Interesting 24 hours. On Monday 26th around 5pm (in KST), I received an email from Cyworld officially informing us, users, of a change in terms and conditions effective from 28th. It said, to summarise, they were going to collect our MAC addresses and computer names real-time for a security reason. The message also kindly added that “anyone who doesn’t agree with this change can deregister from the service”.
Apparently, I wasn’t the only one finding this message unsettling. Having been faced with an immediate furore of users and the consequent organising of mass departure, Cyworld announced after barely a day that they revoked the decision and that they would instead look harder to come up with alternative measures against the growing problem of phishing.
Some might be wondering what the fuss is about when Cyworld already have all personal information about us, even including our national identification numbers. In my case, it was the last line of the original message that bothered me most. And let me be clear here. Even if Cyworld had gone ahead with this change, I don’t think I would have left them – not because giving them my hardware details in addition to what they already have of me is not a big deal but because I am too invested to leave.
Michael C. Gilbert (2009) once compared Facebook to a lobster trap.
[…] Facebook is basically designed like a lobster trap with your friends as bait.
This walled-off nature has three interesting layers to it. First, it’s hard to get your content out of Facebook once you put it in. When someone figured out how to create a simple outbound RSS feed of your own updates, Facebook managers blocked it. You can’t just export all your content in a form you can use elsewhere, without going to a lot of trouble. Facebook is a content management system (CMS), among other things, and should be evaluated by any responsible organization just like any other CMS, including interoperability and exit costs. Second, the more content you put into Facebook, especially if it’s in a form that people can’t get elsewhere, the more you’re serving as Facebook bait yourself. It’s even worse if you start inviting your stakeholders there directly. All the same exit costs apply at this level as well, only multiplied by the difficulty of being bound by expectation that it’s inside Facebook that you’ll connect with your stakeholders and them with each other. Third, this scales up to entire social networks and communities. If everyone’s friends are at the mall, then we’ll abandon the public spaces as well. That’s enclosure.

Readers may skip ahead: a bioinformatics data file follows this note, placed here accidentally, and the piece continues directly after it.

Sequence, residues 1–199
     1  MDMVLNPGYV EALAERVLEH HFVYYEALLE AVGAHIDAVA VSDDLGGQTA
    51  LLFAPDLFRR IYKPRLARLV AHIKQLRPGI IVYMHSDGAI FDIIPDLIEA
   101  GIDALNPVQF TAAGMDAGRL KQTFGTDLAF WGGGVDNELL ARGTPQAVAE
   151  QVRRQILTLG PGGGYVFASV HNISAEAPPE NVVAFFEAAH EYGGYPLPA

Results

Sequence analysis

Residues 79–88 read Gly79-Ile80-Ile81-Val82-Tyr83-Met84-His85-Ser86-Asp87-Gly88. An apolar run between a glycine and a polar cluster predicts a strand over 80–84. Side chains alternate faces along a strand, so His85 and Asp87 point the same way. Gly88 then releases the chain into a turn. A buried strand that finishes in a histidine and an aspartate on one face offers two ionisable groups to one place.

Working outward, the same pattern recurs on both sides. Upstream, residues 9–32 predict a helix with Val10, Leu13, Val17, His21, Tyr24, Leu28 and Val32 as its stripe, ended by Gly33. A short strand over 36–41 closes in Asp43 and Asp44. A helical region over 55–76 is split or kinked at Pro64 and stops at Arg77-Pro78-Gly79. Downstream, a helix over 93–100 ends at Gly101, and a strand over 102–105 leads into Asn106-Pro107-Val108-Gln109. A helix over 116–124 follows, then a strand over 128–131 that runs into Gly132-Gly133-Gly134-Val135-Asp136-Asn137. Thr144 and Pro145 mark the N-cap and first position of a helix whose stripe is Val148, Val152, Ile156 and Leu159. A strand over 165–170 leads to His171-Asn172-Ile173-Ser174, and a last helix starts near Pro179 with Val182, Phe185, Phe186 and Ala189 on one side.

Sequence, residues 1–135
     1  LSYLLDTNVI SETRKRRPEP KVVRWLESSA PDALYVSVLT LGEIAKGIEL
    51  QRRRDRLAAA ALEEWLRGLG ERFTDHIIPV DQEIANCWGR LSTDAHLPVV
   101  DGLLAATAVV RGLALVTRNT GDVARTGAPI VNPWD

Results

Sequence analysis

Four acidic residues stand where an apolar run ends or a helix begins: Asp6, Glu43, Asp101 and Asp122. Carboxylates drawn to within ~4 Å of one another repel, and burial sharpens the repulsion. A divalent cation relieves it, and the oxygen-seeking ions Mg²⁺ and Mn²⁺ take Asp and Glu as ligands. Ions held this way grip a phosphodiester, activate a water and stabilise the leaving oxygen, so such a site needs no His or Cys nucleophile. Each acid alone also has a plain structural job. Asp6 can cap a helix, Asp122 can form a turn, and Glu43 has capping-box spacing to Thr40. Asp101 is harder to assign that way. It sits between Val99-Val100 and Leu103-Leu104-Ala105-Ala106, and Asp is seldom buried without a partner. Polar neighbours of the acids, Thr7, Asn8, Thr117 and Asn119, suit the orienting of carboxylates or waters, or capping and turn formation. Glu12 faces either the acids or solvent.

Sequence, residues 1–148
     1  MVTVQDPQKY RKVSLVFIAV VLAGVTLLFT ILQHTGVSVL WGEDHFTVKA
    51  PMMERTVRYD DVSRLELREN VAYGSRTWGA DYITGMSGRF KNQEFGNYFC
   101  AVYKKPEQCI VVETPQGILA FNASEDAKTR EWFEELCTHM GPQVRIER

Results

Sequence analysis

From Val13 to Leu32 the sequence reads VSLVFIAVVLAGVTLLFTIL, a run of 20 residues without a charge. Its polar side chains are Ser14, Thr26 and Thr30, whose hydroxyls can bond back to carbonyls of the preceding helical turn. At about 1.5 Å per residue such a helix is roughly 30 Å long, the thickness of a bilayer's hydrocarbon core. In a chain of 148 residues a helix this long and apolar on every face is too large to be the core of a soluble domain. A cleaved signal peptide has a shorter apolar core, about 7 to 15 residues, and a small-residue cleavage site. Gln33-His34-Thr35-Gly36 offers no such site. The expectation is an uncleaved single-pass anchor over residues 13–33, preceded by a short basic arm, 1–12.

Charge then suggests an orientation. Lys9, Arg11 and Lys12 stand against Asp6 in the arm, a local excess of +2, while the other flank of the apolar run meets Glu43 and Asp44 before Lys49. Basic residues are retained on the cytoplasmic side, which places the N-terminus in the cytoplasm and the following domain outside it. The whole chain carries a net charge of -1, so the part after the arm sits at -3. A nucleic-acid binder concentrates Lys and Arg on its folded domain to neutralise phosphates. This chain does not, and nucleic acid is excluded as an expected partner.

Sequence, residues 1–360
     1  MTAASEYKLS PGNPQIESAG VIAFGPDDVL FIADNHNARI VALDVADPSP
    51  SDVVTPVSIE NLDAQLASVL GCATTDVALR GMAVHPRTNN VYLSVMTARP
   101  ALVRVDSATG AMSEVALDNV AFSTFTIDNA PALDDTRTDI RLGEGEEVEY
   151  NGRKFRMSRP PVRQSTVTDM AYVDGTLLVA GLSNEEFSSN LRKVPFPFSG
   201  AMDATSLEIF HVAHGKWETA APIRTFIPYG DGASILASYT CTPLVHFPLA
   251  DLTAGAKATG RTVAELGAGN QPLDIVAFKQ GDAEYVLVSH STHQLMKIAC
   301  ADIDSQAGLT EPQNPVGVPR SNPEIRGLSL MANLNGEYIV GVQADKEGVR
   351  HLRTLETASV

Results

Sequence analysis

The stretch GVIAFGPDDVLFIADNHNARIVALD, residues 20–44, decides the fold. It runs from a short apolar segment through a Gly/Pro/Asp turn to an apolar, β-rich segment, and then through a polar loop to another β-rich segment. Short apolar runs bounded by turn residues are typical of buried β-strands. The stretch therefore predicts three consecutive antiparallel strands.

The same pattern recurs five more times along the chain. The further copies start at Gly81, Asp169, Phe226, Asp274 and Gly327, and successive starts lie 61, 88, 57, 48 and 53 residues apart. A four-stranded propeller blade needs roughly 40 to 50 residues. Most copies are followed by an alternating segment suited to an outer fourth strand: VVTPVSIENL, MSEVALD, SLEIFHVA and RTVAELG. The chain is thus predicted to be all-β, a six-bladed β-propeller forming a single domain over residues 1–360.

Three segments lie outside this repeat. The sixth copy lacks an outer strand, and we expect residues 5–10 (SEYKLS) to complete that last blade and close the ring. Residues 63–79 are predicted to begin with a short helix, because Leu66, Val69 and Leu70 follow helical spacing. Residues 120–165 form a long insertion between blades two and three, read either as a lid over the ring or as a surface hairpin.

I came across this article through another article a couple of weeks ago and virtually clapped in sympathy reading the above paragraph. My concerns precisely. In fact, earlier this year, I wrote a short post on my other blog about this unfair relationship I am in with Cyworld. (And I am sure the same goes for other social networking sites.) The only difference is that I used the metaphor of ‘hostage’ where Gilbert used that of ‘bait’, to describe my perception of the situation. Not as a researcher but a long-term user of the service.
Cyworld is less and less talked about in the media and in the academic literature because their targeted population is – unlike Facebook’s – small and limited and they have long reached a plateau in growth. However, I felt compelled to write about this incident as it offers a sneak preview of what is likely to happen at other popular social networking sites. Perhaps this is why Ahonen and O’Reilly (2007) argued that when it comes to digital information and communication technologies, what’s observed in Korea today will be observed elsewhere sooner or later.
On the surface, this incident of Cyworld withdrawing their management decision yesterday might look like a small victory for users – those who strongly appealed against the decision and organised a boycott. But the problem is still here, isn’t it? Cyworld could very well come back tomorrow with another scheme and many of us might end up taking it this time. Actually, I wouldn’t be surprised if Cyworld proposed a toned-down version of what they were originally going to implement shortly. A typical use of the door-in-the-face technique.
You might say if I don’t like what they do, I should simply leave the site. It’s not that simple. Or I shouldn’t have been posting my photos and notes there for the past 10 years. Perhaps, although I am confused to see loyalty is something to be penalised for.